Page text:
“What if that could be you?” my brain said.
Getting to know him
When I finally met the writer in question, we got on really well. My plan of giving him access to young tech entrepreneurs worked and we got to know each other. He let me write on his famous blog and sent me videos via email on how to use Wordpress.
His success, now included my success. Seeing me win was good for his blog and that was helpful validation that allowed me to see that I might become like him.
As the years passed and we got to know each other, his writing career became distant and he chased new businesses and a career in speaking. My career, on the other hand, took a radical shift towards writing. Within a few short years, I achieved more progress in the field of writing than the person who partly inspired me to get started.
Becoming a writer was no longer a dream or a fantasy. I’d become just like the person who once let me write on their blog. Even more strange was that he would often come to me for advice or to share my thoughts on writing/social media.
It started with a question
Asking yourself a question like “What if that could be you?” changes your thinking.
Questions lead you to imagine and think about different possibilities.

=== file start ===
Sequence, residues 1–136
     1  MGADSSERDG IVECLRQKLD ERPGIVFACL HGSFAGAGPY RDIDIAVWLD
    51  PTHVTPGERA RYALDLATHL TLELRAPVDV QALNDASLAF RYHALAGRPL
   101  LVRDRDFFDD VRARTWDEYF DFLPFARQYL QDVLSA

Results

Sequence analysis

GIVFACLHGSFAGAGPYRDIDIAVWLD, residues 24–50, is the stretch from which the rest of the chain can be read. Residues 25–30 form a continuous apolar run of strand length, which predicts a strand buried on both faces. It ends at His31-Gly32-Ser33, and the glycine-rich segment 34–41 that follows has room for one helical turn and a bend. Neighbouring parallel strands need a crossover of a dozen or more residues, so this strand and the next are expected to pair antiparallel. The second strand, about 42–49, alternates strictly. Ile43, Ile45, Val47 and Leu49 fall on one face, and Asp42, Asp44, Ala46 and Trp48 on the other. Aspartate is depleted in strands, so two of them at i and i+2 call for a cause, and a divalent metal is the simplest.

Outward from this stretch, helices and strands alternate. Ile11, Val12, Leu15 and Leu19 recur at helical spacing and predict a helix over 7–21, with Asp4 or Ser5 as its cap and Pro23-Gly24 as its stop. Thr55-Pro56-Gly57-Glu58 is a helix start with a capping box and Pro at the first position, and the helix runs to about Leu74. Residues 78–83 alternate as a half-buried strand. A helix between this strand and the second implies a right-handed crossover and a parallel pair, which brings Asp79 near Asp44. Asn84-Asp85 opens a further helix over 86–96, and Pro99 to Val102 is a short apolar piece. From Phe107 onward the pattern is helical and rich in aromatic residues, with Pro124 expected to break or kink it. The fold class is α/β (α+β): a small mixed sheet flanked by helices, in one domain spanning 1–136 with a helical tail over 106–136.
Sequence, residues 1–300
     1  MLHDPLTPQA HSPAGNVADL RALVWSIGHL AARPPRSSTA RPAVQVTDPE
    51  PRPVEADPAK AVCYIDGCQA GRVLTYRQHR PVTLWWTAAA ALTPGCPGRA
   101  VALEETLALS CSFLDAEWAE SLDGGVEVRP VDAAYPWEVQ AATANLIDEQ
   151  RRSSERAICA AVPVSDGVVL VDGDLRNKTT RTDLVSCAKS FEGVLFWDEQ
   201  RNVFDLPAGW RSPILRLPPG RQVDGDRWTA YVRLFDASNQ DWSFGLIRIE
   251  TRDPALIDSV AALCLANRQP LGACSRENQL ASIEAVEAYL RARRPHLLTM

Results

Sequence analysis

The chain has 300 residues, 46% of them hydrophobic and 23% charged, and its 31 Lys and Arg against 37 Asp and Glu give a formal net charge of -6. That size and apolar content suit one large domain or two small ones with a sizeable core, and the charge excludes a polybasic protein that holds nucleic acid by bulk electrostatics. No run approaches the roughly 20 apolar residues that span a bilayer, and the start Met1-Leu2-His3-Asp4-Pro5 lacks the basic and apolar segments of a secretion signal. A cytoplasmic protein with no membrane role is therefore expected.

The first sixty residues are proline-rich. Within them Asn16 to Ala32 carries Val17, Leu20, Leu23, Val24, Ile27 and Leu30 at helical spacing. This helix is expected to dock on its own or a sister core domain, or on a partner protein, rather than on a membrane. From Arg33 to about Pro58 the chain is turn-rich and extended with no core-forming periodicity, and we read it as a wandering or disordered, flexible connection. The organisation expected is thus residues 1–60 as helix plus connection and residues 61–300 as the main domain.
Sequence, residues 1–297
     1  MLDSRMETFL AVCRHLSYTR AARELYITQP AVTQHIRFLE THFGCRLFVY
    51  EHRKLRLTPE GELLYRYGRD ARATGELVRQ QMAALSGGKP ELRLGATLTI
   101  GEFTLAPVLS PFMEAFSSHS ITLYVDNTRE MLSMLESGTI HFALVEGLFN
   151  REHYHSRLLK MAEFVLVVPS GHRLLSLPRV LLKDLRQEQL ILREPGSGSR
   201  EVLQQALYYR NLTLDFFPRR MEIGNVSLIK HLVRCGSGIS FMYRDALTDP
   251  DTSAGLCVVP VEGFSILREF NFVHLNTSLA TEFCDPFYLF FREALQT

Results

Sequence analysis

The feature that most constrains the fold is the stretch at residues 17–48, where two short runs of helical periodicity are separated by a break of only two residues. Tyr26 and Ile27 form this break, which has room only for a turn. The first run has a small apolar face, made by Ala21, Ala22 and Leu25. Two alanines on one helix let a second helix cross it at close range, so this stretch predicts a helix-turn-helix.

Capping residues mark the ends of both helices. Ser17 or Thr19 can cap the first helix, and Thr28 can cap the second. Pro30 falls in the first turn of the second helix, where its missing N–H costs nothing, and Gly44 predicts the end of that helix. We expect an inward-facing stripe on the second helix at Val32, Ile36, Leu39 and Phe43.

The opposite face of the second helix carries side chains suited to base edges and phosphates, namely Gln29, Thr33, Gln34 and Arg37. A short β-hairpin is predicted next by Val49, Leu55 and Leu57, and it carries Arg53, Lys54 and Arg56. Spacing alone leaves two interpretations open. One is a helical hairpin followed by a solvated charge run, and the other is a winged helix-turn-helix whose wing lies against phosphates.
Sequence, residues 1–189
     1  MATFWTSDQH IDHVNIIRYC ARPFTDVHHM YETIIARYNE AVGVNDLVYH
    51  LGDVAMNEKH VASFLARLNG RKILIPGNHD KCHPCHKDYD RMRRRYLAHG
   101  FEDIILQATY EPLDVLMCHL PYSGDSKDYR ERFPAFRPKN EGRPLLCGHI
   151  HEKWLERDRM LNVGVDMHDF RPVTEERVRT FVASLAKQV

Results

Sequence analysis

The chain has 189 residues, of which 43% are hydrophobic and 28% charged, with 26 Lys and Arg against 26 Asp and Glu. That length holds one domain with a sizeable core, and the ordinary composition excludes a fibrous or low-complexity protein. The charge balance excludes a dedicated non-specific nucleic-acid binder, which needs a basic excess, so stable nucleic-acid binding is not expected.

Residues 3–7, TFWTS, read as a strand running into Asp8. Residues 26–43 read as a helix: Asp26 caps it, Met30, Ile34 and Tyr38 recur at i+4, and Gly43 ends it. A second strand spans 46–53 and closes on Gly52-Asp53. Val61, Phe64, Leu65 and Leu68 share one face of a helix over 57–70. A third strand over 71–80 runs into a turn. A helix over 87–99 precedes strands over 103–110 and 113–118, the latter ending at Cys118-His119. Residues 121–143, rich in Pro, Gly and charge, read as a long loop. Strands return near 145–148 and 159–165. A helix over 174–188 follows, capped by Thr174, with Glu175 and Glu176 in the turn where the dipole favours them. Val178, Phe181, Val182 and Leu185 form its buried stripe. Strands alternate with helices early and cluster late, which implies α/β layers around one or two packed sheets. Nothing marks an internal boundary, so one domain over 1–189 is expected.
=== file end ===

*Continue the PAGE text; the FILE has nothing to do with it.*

Changing your life is not some song and dance moment with a huge encore at the end. Changing your life starts with a small shift in thinking that begins with a question.
The people you observe from a distance are no different from you. You have the same opportunity as them and you can be them. But you’ll never be exactly them. You may seek their results but your journey will be different. Along the way, you may also find that your initial goal changes.
My writing started from nothing and then led me to transcend the title of being a writer and seek to be helpful, inspiring, and useful to anybody who might need it. The meaning became about so much more than writing.
Why couldn’t it be you?
There’s nothing stopping you.
You can work just as hard and learn to network just as well. You can endure the pain of setback, or the disappointment of failure. You can fall down and get back up again. You can inspire people with your stories, or help a stranger who reminds you of your former self.
You can act on stage, or take up public speaking. You can write an award-winning book, or do a TED Talk that has millions of views.
All of these skills can be yours. You’re not immune to acquiring skills or learning or education.
What don’t you have?
You may not have the money, time, contacts, experience, knowledge, or skills — but that doesn’t mean it can’t be you. You can overcome all of these challenges and find a way if you want your goal bad enough.
If you’re passionate about something, it can be you. You can be the person you keep imaging in your mind.
Think about the question, “What if that could be you?”
That one question can create a tiny shift in thinking that might just change your life the way it did for me in 2014.
They have it and so can you. You can be anything you want.